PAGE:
The best game plans are based primarily on deception.
Because France, for all the signs of progress or a return to traditional values, will seek to beat Ireland up. An attritional approach is how they know they can win in Dublin, if the flair they so desperately seek ignites, then great.
The direct approach has been the French blueprint in every game against Schmidt’s Ireland. Granted, Noves was not always the coach. This aggression must be met, for the large part, yet the trick is to know precisely when to avoid it.
How to strike a balance? This is where the coach shows his worth, proves he can outfox a bigger, more powerful, albeit sluggish team.
Put France on the back foot, avoid an all out, direct conflict and play to maximise our resources.
What else will France do? For starters, they will counter attack at every opportunity. We saw how dangerous they can be in Twickenham.
In the toughest moments of Schmidt’s time in charge, Ireland have been exposed but what has made them so successful has been their ability to bounce back from adversity, accuracy in the coaching and his ability to catch the opposition off guard.
The Ireland playbook has a myriad of alternatives. We have been playing a lot of set up rugby this campaign; hitting the middle of the field and working possession off this.
Noves has seen this so the simpler options are gone. For the first time a French coach has the benefit of keeping his players in camp during the gap week so they will be prepared for how Ireland attacked in Edinburgh and Rome. So the obvious option will be harder to execute. Expect something new, something to spark Ireland’s Six Nations.
Keane the right man to take Connacht, and Aki, forward
Rugby roots have taken hold in Connacht. Pat Lam compiled a quality squad, using whatever means available, and delivered a Pro12 title before convincing vital players into signing new contracts, which should make the handover to Kieran Keane this summer the smoothest in the province’s history. There is never a better time for a coach to move on than after success, so Keane for Lam may be what the province needs to ensure sustainability. The 63-year-old Kiwi seems like an astute appointment.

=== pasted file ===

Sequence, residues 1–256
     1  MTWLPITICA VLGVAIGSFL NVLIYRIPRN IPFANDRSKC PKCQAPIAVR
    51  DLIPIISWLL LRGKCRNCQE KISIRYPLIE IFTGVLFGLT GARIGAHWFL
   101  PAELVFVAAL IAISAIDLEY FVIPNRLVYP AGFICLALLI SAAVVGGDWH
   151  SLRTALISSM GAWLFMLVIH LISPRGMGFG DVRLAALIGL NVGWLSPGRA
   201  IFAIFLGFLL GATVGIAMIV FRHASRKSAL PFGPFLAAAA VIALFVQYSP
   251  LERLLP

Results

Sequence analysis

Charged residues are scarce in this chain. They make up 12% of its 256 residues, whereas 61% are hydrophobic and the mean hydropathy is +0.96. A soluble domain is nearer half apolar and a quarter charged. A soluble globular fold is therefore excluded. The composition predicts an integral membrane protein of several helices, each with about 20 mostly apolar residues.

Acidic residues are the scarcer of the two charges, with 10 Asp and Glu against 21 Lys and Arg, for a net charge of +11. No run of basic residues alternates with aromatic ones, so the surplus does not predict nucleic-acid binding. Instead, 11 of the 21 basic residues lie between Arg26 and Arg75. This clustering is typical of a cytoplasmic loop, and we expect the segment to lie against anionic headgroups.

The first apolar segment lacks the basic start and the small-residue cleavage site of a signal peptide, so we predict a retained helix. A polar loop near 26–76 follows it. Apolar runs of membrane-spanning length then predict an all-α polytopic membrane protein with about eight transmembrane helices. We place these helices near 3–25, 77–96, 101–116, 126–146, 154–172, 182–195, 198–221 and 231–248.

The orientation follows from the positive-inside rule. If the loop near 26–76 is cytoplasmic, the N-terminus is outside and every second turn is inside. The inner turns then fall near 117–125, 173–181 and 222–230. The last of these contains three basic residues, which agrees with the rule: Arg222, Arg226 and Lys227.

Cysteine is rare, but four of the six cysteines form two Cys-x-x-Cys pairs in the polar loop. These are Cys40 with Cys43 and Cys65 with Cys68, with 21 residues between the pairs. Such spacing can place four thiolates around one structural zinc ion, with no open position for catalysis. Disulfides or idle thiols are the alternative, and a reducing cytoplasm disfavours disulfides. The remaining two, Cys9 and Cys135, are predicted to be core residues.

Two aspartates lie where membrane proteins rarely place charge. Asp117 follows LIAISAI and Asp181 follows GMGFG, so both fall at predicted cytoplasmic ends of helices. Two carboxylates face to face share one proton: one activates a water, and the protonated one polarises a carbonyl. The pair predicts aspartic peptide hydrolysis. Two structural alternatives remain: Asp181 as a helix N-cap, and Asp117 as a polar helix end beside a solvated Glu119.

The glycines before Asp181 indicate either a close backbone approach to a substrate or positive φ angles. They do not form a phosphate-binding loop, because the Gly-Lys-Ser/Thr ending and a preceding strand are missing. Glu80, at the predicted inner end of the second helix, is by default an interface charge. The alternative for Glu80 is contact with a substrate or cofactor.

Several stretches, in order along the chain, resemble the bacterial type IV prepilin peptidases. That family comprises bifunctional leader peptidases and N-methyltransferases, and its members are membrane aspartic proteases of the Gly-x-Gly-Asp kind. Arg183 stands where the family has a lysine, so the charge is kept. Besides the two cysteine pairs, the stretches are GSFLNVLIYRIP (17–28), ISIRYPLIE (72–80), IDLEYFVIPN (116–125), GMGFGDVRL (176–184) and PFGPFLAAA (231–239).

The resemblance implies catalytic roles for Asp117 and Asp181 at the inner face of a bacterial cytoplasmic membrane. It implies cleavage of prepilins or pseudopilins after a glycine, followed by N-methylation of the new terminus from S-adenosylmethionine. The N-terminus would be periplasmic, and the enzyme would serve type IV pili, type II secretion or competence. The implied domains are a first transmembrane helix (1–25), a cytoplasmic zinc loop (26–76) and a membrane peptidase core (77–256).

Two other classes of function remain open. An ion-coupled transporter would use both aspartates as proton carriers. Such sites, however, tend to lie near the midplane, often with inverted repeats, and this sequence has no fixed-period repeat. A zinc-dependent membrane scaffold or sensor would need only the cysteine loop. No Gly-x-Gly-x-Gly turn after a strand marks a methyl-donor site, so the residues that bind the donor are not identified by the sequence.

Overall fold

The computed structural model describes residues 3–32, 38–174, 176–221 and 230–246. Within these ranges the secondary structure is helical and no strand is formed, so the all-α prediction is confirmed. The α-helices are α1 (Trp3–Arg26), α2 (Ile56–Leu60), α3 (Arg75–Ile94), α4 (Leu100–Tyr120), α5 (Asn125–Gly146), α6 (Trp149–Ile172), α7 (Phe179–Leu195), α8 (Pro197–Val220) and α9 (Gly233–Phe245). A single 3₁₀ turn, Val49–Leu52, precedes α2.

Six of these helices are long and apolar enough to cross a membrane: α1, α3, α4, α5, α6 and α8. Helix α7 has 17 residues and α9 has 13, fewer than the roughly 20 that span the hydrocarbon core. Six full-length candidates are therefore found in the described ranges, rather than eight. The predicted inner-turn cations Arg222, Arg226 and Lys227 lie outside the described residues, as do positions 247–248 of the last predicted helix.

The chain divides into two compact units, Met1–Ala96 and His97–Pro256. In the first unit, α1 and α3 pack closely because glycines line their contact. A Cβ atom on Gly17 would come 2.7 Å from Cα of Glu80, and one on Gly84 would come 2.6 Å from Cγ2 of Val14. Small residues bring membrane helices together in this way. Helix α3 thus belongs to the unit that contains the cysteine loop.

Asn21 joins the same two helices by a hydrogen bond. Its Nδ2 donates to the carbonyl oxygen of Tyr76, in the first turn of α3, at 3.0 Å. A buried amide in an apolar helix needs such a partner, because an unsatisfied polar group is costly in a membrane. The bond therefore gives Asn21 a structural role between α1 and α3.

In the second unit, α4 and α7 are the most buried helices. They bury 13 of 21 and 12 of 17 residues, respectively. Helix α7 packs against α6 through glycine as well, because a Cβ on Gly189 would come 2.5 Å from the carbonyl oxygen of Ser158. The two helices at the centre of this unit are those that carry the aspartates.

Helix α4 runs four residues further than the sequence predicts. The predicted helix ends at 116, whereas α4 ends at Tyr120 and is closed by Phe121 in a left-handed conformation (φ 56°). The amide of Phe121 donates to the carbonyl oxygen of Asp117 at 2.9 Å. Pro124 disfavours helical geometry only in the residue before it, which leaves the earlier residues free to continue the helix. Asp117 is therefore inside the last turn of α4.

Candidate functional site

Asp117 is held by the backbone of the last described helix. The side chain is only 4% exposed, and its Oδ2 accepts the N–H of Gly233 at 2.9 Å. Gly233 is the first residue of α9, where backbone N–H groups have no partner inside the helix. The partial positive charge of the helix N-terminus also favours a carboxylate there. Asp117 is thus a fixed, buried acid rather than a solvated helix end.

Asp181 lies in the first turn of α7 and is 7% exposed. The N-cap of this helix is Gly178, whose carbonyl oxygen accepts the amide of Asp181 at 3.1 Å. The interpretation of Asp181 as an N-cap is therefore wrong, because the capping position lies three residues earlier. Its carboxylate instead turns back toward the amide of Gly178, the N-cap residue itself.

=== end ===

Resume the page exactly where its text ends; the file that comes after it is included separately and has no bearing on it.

Bundee Aki has been given free rein on the field under Lam, which has worked wonders. Aki has been the cornerstone of so much positivity in Connacht’s play, be it an inspirational break or jarring hit in midfield. Keane would know all about him because he knows all about the underage talent in New Zealand over the past 20 years. He certainly coached against him so he’ll have an idea how to get the best out of him and the rest of them. I see no reason why, with a bit more direction from a no nonsense taskmaster like Keane, who understands twentysomething Kiwi players, that Aki cannot become an even better player.
This could be as harmonious a transition as the Cheika-Schmidt situation in Leinster, building on a strong foundation and polishing an already strong culture with a new voice.